This second season of the hit CW series The Flash turned out to be pretty astounding overall, one with no shortage of memorable moments for fans of the Fastest Man Alive. The showrunners at times went for broke, diving deep into the Scarlet Speedster's mythos when it came to time travel and parallel worlds. But perhaps more importantly, the show also took the time to develop its stellar cast of characters, giving them room to grow while the plot was busy taking on a life of its own.
The following are our personal favorite moments from the sophomore season of The Flash. Please be aware that this article does contain many major SPOILERS, so don't say we didn't warn you.
12 Introducing The Time Remnants
This concept introduced in the episode "The Reverse-Flash Returns" found a way to bring back Eobard Thawne, who was erased from existence at the end of the first season thanks to Eddie Thawne's heroic sacrifice. This may have been a bit confusing for those who think too much about time travel mechanics, but basically, a Time Remnant is a leftover version of a person from an extinguished timeline.
The Time Remnants would appear throughout the second season as a way to create temporal doubles of both the Flash and his enemy -- Zoom. While the villainous Zoom created Time Remnants and killed them off without a thought, Barry created one that would make the ultimate sacrifice in the season finale "The Race of His Life" to save the multiverse, something no one on Team Flash took lightly. Yes, it's a somewhat convenient temporal deus ex machina, but it's a fun one that reminds viewers not to take the whole time travel thing too seriously.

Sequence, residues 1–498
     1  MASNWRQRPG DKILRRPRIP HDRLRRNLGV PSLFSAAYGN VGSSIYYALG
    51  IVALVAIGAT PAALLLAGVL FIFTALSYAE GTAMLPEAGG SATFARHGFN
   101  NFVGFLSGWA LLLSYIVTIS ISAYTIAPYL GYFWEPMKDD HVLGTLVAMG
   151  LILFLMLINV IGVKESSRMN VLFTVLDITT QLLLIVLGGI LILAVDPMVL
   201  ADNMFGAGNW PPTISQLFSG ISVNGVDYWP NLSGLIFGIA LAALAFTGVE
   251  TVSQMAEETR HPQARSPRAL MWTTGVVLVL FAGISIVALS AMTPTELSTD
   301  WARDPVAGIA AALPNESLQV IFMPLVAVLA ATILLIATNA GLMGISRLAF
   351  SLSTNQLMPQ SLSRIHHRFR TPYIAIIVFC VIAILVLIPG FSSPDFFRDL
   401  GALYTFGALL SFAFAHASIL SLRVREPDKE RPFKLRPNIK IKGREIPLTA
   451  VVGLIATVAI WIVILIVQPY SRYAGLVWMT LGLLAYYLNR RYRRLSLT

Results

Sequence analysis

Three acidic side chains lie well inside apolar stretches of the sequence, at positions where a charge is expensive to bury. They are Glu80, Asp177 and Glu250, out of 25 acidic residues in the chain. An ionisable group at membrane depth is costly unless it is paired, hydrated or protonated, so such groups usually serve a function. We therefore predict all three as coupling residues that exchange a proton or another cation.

11 The Speed Force & The Time Wraiths
The second season of The Flash did the right thing by exploring the nature of the Speed Force, but it sure was a head wringer. Being extra-dimensional in nature, it's the source of all super speedsters' powers, and it protects them from the physics of traveling at super speed. The TV show went further than the comic books and established that the Speed Force is sentient, which was wonderfully demonstrated in the classic Kevin Smith-directed episode "The Runaway Dinosaur," where Barry Allen interacted with the Speed Force itself to regain his powers.
The Time Wraiths can best be described as ghost-like enforcers of the Speed Force. The spectral beings first appeared in "Flash Back" -- where they hunted the Flash when he time traveled to the past -- and are known for going after those who abuse the Speed Force and time travel, like Zoom himself. Still, as cool and scary as they are, you have to wonder why they have not shown up in Legends of Tomorrow...yet.
10 More Goofy Villains